Following on from the Judd Apatow, bawdy, gross-out humour style that has rapidly become so synonymous with adult comedies, Horrible Bosses, much like its title, is not hugely original or particularly imaginative. Despite this, Horrible Bosses is both largely entertaining and often genuinely funny.
Nick (Jason Bateman), Dale (Charlie Day) and Kurt (Jason Sudeikis) are all battling with the various problems their bosses present: a bullying corporate psycho (Kevin Spacey), a high-sexualised dentist (Jennifer Aniston) and a cocaine addicted, immoral industrial company owner (Colin Farrell), who has no qualms with illegally ridding industrial waste, regardless of its impact on the environment or people.
Coming to the conclusion that the best way out of their increasingly unbearable situations is to jointly pay for their bosses to be murdered, the three hire the supposedly hilariously named Motherfucker Jones (Jamie Foxx) as a murder consultant.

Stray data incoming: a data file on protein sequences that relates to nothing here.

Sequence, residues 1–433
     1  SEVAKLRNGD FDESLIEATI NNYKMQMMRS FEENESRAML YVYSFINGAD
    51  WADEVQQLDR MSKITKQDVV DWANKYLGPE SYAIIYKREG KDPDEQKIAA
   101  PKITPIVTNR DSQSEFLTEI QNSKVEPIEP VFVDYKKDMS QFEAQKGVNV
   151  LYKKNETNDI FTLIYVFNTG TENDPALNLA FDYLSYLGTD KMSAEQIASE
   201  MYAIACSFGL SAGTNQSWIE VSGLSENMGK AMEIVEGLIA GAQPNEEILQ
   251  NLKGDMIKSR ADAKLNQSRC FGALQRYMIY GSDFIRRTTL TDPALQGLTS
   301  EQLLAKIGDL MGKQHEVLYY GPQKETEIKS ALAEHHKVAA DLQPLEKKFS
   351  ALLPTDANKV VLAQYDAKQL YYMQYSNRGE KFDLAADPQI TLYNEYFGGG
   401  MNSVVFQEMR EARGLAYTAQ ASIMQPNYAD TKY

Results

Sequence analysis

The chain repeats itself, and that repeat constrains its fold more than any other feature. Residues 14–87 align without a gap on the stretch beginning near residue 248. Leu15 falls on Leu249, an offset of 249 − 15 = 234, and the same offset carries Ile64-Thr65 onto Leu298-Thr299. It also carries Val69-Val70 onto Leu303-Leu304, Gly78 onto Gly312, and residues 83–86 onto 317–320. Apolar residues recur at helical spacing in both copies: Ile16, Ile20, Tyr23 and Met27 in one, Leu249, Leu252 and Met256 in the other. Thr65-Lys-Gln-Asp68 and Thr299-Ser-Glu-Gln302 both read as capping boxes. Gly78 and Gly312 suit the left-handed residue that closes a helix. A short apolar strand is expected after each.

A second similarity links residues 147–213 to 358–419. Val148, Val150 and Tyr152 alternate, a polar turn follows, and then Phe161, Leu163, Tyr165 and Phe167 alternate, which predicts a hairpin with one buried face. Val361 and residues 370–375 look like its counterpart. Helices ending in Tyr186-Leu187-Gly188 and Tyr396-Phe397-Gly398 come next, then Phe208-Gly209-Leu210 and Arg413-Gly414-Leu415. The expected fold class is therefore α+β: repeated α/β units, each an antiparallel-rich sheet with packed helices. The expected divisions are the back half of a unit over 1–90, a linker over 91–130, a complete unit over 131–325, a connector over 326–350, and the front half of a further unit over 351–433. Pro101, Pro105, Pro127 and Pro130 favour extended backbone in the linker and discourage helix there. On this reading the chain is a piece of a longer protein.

High-concept aside, which clearly never really rings true or realistic, it is the interactions between the central three protagonists that elevate this film above the usual sub-standard fare. Bateman, Day and Sudeikis appear to be having real fun, not only with the script, but with one another: this sense of enjoyment wonderfully imbues their performance. Aniston, Spacey and Farrell too seem to relish the opportunity to play such hyperbolic characters, ensuring their characters are entirely ridiculous in their execution.
Horrible Bosses certainly has its faults: the high-concept narrative threatens to rapidly crumble as the film progresses. The film’s attitude towards women is especially questionable: Aniston plays an overly-sexualised figure, as a female she is portrayed as being a crazed nymphomaniac.
This over-sexed figure is generally present in such films and when portrayed by a male, is usually a source of comedy – think of Owen Wilson and Jason Sudeikis objectifying every woman they come into contact with in the sub-standard Hall Pass. In Horrible Bosses women are either a source of male sexual pleasure – Kurt (Sudeikis) states at one point that he has to ‘see that woman about her vagina’ – or, in the form of Aniston’s sexual dentist, a source of fear.
Criticisms aside, Horrible Bosses is fairly enjoyable for its duration, certainly not likely to be remembered for longer than its cinema run, but better than the usual fare.